Hi Vikesh. I recommend finding a brand manager and asking him or her that very same question. You will likely get a better answer than you would asking product managers :)

  • Varun Agrawal // Oct 6, 2011 at 4:17 am

    I am working as a senior desing engineer at a semiconductor company. I have 3 years of experience. I want to make transition into product management/development role. To be specific i want to get into techonology product development role at Intel or a consumer electronics company. Bob, I would be really grateful if you could suggest me on this.

  • Bob Corrigan // Oct 6, 2011 at 7:58 am

    Hi Varun,

    Congratulations on expressing a desire to become a product manager.

    If you read the previous responses I’ve given, you’ll see a lot of advice that can easily apply to you. Start there, then come back.

    OK, welcome back.

    You have 3 years of experience. I’d recommend the following:

    1. Ask yourself if the #1 thing that motivates you is delighting your customers.

    2. Ask yourself if you are able to find, quantify and describe meaningful problems that are worth solving.

    3. Ask yourself if you are capable of standing up in front of large groups of people and speaking not just plainly, but with passion and energy.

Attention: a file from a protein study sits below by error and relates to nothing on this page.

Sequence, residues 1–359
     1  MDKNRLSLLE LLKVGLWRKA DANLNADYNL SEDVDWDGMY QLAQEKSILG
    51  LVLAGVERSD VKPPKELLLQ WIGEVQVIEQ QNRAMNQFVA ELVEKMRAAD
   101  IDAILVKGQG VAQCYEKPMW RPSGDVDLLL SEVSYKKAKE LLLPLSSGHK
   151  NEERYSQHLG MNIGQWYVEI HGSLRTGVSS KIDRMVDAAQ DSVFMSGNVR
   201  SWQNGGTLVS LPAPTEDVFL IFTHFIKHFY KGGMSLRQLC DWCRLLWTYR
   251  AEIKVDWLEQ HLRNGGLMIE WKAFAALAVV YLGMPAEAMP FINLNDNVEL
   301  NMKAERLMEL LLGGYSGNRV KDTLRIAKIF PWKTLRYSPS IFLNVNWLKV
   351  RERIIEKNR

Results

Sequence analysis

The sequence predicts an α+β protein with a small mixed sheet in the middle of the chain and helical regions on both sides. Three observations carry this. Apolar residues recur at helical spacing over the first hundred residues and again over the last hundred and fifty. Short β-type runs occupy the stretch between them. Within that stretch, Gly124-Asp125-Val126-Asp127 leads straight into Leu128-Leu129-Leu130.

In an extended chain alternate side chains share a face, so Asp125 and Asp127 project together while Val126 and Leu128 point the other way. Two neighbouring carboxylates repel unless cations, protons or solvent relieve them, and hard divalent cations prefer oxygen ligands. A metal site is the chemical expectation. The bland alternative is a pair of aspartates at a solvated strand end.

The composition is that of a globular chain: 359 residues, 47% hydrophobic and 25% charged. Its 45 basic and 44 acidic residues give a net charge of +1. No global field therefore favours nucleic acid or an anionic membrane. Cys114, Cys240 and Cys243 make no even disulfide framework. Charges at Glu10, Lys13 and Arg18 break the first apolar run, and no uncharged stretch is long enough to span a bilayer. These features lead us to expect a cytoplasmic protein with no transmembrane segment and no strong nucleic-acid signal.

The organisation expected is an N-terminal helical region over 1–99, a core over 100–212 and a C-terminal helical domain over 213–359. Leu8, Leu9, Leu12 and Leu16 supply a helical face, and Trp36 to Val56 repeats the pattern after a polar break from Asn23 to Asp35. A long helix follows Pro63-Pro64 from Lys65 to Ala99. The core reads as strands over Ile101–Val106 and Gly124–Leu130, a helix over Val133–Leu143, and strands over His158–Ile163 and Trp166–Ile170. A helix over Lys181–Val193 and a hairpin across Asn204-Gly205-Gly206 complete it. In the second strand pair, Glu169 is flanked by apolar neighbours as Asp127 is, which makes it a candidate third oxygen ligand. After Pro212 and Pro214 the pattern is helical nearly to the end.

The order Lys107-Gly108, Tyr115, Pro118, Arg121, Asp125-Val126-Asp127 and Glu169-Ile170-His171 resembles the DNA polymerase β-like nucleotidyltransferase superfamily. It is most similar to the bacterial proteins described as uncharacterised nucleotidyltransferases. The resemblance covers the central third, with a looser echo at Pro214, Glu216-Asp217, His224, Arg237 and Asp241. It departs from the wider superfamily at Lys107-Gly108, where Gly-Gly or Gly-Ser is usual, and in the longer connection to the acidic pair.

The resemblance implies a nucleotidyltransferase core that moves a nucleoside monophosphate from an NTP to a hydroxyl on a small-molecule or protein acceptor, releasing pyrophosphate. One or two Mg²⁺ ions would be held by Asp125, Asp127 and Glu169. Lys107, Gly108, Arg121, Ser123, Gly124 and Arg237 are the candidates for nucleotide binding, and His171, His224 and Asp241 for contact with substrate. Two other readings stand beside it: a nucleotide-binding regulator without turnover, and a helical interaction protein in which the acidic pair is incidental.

4. Ask yourself what it means to be a leader.

    Consumer electronics companies are like every other product company – they build products people want to buy at an acceptable cost and a desirable profit. At consumer electronics companies, like every other product company, there are a precious few people who make product decisions, and untold many who execute on those decisions.

    Do you have what it takes to be one of those few?

    Don’t look to websites for advice. Go out and be insanely great. The opportunities will come to you.

  • kristel // Apr 8, 2012 at 9:21 pm

    Hi Bob,

    I have a Bachelor in Design – graphic design. I have been working as a product/packaging designer. My work spanned a sizeable portion of the product workflow: from the inception, research, design, till the production of the products, optimizing to make the best product, delivered on schedule and within budget.

    I love designing but I want to change my career path. I feel I would be suited as a product manager, since I already have the design background.

    Am I doing the right change?

  • Gabriel // Apr 10, 2012 at 10:01 am

    Hi Bob,
    I’ve been working as a System Analyst in my company for almost 2 years and i was invited to start working as a Product Analyst. As my company is widely growing recently due to a big investor’s partnership, many opportunities are arising. Currently the company has 70 employees and, among them, only 1 product manager and 1 product analst (me). However the company intends to quadruplicate the number of employees in 4 years. What is the path you recommend me to follow in terms of roles, courses / MBAs and goals?


  • Bob Corrigan // Apr 12, 2012 at 1:40 pm

    Hi kristel and Gabriel,

    Can you believe this thread has been going on for almost four years? That must be a record of some sort for PM blogs. But I Digress.


    From what I know about designers, having worked with a few good ones and a larger number of bad ones in my Many Years, I can tell you that good designers would make great product managers: